Because of its small diameter in relation to hardness and abrasion resistance make sure; your tackle will handle this extra tough line. Manufactured to the highest specifications the new Super lines will work on practically all of today’s rods and reels.

In addition, here’s a simple word of caution about handling braided line. Anytime you handle braid always exercise care to avoid cuts or abrasions to your hands and fingers. Pulling on the braid with your hands or fingers without taking caution can cause cuts to your fingers. By its inherent nature it is extremely difficult to cut and most clippers used for monofilament will not work, so you will need a good pair of sharp scissors or knife to get the job done.

We have all heard or experienced that dreaded braided knot that magically appears when least expected. You first see it after a perfect cast, just dangling in the air about halfway to your bait.

Here is a tip on avoiding this time consuming tangle. Manufactured using the smallest diameter tolerances braided line is extremely lightweight. For this reason, itself it must be reeled under some kind of pressure to correctly seat on the spool. Because with any line, you want it tightly spooled, so keeping pressure applied during the retrieve allows the line wrap correctly onto your reel. Maintaining some kind of pressure on incoming line is essential or the line will loosely wrap itself over already loose line. Then when you cast, the line leaving the reel will grab and pull the loose line from underneath twisting it around the outgoing line.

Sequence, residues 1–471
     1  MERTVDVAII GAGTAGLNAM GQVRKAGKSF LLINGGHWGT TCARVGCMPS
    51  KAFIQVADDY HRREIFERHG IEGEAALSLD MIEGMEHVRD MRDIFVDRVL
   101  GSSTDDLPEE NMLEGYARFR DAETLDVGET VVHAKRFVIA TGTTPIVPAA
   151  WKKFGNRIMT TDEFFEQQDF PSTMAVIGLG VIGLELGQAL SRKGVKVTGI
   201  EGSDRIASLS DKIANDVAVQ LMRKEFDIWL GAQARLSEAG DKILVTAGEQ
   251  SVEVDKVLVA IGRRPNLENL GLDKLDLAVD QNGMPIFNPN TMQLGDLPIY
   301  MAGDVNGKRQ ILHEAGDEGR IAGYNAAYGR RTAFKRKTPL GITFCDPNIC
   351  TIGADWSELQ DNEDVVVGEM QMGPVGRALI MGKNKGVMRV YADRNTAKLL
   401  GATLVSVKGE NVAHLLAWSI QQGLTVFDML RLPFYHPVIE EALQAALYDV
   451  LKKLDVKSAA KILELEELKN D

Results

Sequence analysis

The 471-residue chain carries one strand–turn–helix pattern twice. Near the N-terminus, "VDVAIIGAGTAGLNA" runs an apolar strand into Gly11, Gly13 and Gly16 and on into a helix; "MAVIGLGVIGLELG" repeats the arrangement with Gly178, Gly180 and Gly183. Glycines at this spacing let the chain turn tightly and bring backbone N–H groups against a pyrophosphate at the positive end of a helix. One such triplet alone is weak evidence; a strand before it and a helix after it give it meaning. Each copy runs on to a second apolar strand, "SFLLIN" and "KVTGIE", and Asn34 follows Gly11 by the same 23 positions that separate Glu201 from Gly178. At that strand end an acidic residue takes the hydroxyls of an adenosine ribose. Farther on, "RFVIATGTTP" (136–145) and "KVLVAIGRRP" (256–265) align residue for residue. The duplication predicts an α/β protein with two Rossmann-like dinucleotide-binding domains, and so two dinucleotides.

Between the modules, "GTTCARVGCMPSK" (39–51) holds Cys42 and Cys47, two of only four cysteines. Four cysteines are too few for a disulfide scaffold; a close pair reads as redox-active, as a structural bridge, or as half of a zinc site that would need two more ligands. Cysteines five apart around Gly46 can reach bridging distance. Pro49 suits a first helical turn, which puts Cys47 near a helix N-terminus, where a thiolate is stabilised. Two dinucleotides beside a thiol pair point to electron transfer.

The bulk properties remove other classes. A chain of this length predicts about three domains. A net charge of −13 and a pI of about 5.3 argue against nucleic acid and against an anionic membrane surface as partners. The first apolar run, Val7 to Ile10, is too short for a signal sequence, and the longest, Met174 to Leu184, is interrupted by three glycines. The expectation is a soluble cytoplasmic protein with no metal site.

When this happens, it is important to keep in mind that what you see in your line is a series of loops and coils. For the most part these are manageable until you haphazardly start pulling on the main or tag ends. Starting with the loops pull them lightly you will find the one that starts to unravel easily. Now, continue pulling lightly on the loops until they begin to separate untwisting the loops and lines as you go. It takes a little patience but with some practice, you will soon master it. Not being able to remove the tangle would be the worst case scenario, so just cut the line before and after the knot and re-tie using a double-uni knot. Now you are back to fishing. Here is the key to it all, keep some kind of resistance or pressure on incoming line.